We’ve alluded to the idea an ideal solution for snowmobile companies looking to feature DI on their 2-strokes would be to license Yamaha’s marine outboard technology called HPDI (High Pressure Direct Injection).
We’re not sure whether this tech is even on the block for licensing agreements to other manufacturers but it sure would be an effective strategy for companies looking to gain an edge in the 2-stroke market.
The best part is, Yamaha has long ago made the decision to be an exclusively 4-stroke snowmobile company and will likely never use HPDI on 2-stroke engines in our sport. Kind of a waste, really.
Here’s how HPDI works. It is primarily a computer-electronic system that uses a very high-speed processor to monitor engine timing and the sequence of introducing a finely atomized, high pressure spray of fuel at very precise intervals during the combustion cycle.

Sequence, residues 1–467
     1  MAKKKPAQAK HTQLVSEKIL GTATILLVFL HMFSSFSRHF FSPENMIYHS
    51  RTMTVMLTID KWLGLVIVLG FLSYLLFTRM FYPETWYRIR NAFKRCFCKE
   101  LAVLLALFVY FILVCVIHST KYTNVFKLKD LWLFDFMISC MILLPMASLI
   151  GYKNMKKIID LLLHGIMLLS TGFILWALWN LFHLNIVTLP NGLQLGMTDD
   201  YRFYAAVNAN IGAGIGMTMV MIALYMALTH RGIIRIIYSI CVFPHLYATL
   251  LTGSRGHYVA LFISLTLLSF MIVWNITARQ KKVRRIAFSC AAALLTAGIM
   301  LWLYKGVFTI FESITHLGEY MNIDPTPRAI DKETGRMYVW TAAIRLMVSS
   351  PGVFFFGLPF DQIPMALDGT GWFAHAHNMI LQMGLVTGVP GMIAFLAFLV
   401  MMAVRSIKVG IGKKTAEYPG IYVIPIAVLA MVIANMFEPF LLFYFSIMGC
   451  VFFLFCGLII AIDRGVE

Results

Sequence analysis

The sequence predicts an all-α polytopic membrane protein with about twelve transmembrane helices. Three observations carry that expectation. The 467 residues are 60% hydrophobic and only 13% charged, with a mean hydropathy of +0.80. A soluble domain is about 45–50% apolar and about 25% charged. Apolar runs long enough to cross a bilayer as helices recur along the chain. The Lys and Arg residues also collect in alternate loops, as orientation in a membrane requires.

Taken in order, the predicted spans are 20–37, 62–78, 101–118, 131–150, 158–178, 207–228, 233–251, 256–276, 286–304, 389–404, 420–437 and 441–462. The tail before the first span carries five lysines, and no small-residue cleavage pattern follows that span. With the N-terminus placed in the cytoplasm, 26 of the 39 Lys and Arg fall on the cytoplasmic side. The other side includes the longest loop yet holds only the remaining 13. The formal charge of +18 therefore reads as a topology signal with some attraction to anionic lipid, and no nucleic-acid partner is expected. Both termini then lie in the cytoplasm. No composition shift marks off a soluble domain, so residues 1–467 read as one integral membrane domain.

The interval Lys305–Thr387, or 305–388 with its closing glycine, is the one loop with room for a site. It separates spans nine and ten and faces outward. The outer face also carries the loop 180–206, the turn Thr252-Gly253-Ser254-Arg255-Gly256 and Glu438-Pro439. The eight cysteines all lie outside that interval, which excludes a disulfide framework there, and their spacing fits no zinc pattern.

There are actually two fuel pumps in the system. The first takes the fuel from the gas tank, via various filters, into a vapor separator which then directs liquid gasoline into a second high pressure pump that jacks fuel pressure to about 700 psi.
The highly pressurized fuel is pumped into a fuel rail (or rails, depending on the engine layout) where individual electronically controlled fuel injectors (one for each cylinder) squirt the atomized charge at precisely the correct window of time to optimize the burn.
Although HPDI is slightly more complex than Ski-Doo’s E-TEC system and employs more parts, it works really well and has been in use for a long time.
The benefits are smooth idling, easy start-up and extremely good emissions stats.